Exploring Barcelona With Rick Steves

Let me admit a certain amount of bias upfront: I spent a decade writing guidebooks for Frommer’s Travel Guides, so I’m predisposed to believe guidebooks are useful. But in recent years, that belief has taken a beating. Even before the pandemic, guidebooks were an endangered species, since a growing cohort of travelers think they can get everything they need from the Internet. That led to guidebooks being updated less frequently, which undermined their utility. More recently, guidebooks have been getting a bad reputation thanks to what the New York Times calls “a new form of travel scam: shoddy guidebooks that appear to be compiled with the help of generative artificial intelligence, self-published and bolstered by sham reviews, that have proliferated in recent months on Amazon.”

When I was planning my trip to Barcelona this spring, I’d pretty much sworn off guidebooks. This would be my fifth trip to the Catalonian capital, and I felt like I knew my way around the city reasonably well. But when I glanced at the latest guidebook options, I noticed that Rick Steves had a recently updated guide to the city. On impulse, I decided to buy it.

Friends, I’m so glad I did.

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Barcelona’s Casa Calvet

Barcelona is a city that I find more beautiful the closer I get to it. There’s nothing particularly striking about its skyline when viewed from a plane or train. Even from Montjuïc, one of Barcelona’s two mountains, the view is more impressive for what it captures of the Mediterranean than for what you can see of the city itself (see photo above). But once you start walking through its streets, Barcelona becomes so stunning that it’s almost impossible to believe. Up close, Barcelona’s charms are irresistible.

Part of the city’s attraction is its unusual layout and architecture. For starters, once you’ve seen octagonal intersections, you wonder why anyone would plan them any other way. Then there’s the work of extraordinary architects, such as Antoni Gaudí. His inspiring Sagrada Familia, psychedelic Park Güell, and various otherworldly visions are an essential part of what makes Barcelona so dramatic and unique.

Casa Calvet is considered the most conventional of Gaudí’s buildings. Located in the Eixample district, it was built for a textile manufacturer in 1898. While the exterior is far more conventional than a typical Gaudí project, its interior is striking. Better yet, a restaurant (also called Casa Calvet) has been open on the premises since 1994, making fine use of the ground-floor rooms with their soaring, undulating ceilings. But this isn’t a dining spot that gets by on its good looks. While the menu at Casa Calvet changes frequently, I was impressed by the duck-breast salad I had as a starter, and the main-course grilled hake (a salt-water fish that’s similar to cod); both were already gluten-free and required no modification to make them safe for me. Almost everything was made from scratch on the premises (always a help when you need to identify every ingredient in a dish), except the rice cakes that were served to me in lieu of bread. Familiar with celiac disease and the gluten-free diet, the thoughtful restaurant staff made the evening extraordinary. I’ve learned not to expect anything less from Barcelona.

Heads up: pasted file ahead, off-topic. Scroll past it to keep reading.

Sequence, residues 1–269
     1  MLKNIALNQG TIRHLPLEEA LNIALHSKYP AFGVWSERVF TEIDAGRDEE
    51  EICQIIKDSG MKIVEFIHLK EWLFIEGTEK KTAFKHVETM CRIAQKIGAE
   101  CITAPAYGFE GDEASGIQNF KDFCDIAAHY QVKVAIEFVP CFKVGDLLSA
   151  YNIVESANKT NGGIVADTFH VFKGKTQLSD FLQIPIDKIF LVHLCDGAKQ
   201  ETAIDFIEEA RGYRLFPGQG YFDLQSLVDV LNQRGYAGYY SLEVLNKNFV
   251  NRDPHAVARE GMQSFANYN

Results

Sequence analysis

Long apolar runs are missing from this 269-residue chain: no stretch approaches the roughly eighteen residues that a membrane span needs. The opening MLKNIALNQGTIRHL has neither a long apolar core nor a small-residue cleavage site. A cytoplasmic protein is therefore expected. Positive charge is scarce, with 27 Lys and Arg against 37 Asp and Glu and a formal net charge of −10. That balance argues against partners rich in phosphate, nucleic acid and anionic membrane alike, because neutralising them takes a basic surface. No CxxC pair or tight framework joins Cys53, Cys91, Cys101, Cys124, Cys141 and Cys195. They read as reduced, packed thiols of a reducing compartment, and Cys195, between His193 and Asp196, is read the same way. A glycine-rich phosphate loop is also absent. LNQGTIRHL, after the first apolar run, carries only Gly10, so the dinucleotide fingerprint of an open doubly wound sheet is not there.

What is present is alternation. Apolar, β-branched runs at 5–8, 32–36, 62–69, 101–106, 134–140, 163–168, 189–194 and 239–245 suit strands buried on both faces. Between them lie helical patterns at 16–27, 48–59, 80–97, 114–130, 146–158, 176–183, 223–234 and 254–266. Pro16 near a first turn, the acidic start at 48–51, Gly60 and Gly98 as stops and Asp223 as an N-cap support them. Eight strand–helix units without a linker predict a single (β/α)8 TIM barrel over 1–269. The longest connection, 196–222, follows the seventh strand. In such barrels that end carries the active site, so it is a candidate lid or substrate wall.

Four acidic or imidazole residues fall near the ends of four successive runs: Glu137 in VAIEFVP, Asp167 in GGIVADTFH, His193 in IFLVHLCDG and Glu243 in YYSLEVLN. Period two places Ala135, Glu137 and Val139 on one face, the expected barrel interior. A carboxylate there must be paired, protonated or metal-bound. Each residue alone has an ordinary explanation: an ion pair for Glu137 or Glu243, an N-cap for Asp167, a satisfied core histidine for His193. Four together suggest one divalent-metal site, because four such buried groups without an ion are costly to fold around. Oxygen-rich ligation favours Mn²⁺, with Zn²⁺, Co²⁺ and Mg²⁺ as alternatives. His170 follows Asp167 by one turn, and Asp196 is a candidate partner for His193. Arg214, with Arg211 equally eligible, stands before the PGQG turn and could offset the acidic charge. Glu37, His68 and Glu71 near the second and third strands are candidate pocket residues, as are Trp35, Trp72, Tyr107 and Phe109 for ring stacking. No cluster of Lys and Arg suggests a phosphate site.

Casa Calvet [address] Carrer Casp 48, Barcelona, Spain [tel] 93-412-40-12 [web] www.casacalvet.es

In the Shadow of the Prado

If my trips to Madrid have been notable for one thing, it would be overindulgence. It’s not just the food, but the art. After all, Madrid has the Prado, which houses one of the world’s most exquisite collections of European paintings. As if that weren’t enough, the city also has the massive Reina Sofia museum of modern art (home to Picasso’s most famous painting, Guernica), and the Thyssen-Bornemisza, a once-private art collection that spans the history of Western art from the Middle Ages to the modern era.

Before my most recent trip to Madrid, I searched for some celiac-friendly restaurants. The Asociación de Celíacos de Madrid has an excellent website, with information available in Spanish and English; the association maintains a gluten-free restaurant list, and it offers some general guidelines about ordering in Spanish restaurants as well. The restaurants on its list include spots such as No Sólo Pasta, which may be the most famous gluten-free restaurant in Madrid, and Madrid 20. However, there was no mention of my favorite restaurant from my first trip to Madrid, before I was diagnosed with celiac disease.

Once in Madrid, I decided to give El Cenador del Prado a try anyway. Located close to the Prado, the restaurant recreates the elegant world depicted in some of the museum’s 18th- and 19th-century paintings. Located in a dramatic, antique-filled building, El Cenador is filled with gilded mirrors and trompe l’oeil paintings. Its most beautiful dining room has trellis lattices and flowers painted on all four walls, creating the impression of being seated in an opulent gazebo on a sunny day.

I remembered from my previous visit that the restaurant’s service was just as luxurious as the surroundings, and I wasn’t disappointed the second time around. Much to my surprise — and delight — my waiter knew exactly what celiac disease was. He then proceeded to call over the other servers and have them read my Spanish celiac translation card, so that there would be no confusion about what would be served to me. My waiter consulted with the chef and described to me, in a mix of Spanish and English, what my options were. I ended up having a creamy mushroom soup followed by grilled cod with potatoes and leeks. Dinner was accompanied by a selection from El Cenador’s excellent — and affordable — list of Spanish wines. For dessert, I had Spanish cheeses and fruit, which made me feel, as indulgent as I was that evening, almost virtuous.